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当事者の声

2020.02.07

Supporting the Activities of People Living with NCDs to Build an NCD-Friendly Society

Mr. Hiroki Takeda
Chief Knowledge Officer, PPeCC (Power to the People with Chronic Conditions) Executive Director, Japan Chronic Disease Self-Management Association
  1. Story Behind Our Current Activities

The peace of mind knowing there is an organization representing people with NCDs
I was born with hemophilia and was infected with HIV during the HIV-tainted blood crisis. I also have other diseases, including a disease of the heart. During my university days, when my health was particularly poor, I received counselling from a support group for people infected with HIV-tainted blood called the Habataki Welfare Project. Their counselling made me realize that it gives one a sense of gratitude and peace of mind to know there is an organization representing people living with NCDs that they can consult on healthcare and welfare-related problems.
I was frequently hospitalized around the time I graduated from university, so I gave up on finding employment. After graduation, I worked as a freelance writer for a friend who had graduated before me and had started working at a publishing company. One day, the Habataki Welfare Project invited me to a self-management training program for chronic diseases. The program was developed by Stanford University and it aims to help people living with NCDs systematically learn self-management skills to improve their Quality of Life (QOL).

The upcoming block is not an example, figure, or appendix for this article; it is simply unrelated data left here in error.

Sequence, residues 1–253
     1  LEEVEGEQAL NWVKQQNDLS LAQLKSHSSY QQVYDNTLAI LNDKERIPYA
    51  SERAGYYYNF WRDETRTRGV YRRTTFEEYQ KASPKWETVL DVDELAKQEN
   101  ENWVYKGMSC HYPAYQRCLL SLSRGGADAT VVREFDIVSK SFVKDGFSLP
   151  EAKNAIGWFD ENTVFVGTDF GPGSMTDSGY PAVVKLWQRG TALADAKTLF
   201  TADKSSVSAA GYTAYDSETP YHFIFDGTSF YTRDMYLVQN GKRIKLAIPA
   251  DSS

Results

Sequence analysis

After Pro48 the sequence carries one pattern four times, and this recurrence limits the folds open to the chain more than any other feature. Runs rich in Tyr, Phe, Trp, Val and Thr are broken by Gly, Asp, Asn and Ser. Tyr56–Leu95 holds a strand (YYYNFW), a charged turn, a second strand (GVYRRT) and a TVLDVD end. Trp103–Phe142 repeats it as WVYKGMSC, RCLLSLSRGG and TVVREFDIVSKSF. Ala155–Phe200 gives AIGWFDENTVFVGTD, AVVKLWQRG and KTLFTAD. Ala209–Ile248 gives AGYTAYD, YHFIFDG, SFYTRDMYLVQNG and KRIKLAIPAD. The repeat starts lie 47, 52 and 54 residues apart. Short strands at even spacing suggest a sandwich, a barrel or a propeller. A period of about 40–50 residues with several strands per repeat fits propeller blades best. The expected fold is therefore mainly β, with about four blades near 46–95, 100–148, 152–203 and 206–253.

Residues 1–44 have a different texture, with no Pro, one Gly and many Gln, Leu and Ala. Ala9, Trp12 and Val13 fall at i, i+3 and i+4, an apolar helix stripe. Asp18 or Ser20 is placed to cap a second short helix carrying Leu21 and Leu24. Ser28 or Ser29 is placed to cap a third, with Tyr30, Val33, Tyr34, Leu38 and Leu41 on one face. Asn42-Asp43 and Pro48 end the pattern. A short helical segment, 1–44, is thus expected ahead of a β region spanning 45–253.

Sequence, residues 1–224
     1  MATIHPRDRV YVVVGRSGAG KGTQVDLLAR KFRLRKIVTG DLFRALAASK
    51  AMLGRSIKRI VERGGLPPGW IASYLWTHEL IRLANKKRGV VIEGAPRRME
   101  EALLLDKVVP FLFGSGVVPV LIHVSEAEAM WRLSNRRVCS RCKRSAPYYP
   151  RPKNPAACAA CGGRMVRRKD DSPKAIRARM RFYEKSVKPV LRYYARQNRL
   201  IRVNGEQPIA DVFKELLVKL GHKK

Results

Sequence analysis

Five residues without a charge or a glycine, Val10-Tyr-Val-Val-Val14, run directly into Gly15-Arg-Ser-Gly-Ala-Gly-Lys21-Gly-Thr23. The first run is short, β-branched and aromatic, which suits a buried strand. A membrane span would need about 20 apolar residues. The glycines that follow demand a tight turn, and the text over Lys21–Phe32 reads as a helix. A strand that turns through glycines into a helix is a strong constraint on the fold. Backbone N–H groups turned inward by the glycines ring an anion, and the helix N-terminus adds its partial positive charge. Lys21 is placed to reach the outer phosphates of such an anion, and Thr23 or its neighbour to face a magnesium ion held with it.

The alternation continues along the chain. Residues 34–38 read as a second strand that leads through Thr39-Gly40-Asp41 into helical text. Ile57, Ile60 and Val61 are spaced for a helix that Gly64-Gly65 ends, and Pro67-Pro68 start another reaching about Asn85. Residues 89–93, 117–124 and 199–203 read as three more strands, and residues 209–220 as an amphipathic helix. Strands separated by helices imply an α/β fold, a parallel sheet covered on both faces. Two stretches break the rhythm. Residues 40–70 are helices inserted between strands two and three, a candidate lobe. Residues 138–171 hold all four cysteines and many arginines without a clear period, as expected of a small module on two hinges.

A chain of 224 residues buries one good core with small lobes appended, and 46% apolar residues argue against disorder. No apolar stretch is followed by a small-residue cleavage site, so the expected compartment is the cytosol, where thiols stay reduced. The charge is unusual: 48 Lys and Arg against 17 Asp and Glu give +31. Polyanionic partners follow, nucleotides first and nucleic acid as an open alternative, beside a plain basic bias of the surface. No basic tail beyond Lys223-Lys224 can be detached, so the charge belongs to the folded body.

At the time, various organizations representing people living with NCDs including the Habataki Welfare Project wanted to introduce the program in Japan to enable people living with NCDs to aim to engage in new, independent activities. They also had the support of the Japan Pharmaceutical Manufacturers Association Public Relations Committee Patient Group Subcommittee. I participated in a training seminar held as part of its introductory project and was offered a position as an establishing member of the Japan Chronic Disease Self-Management Association (J-CDSMA). J-CDSMA was established to spread the program throughout Japan. I was put in charge of its administrative staff.

Self-management for Achieving One’s Aspirations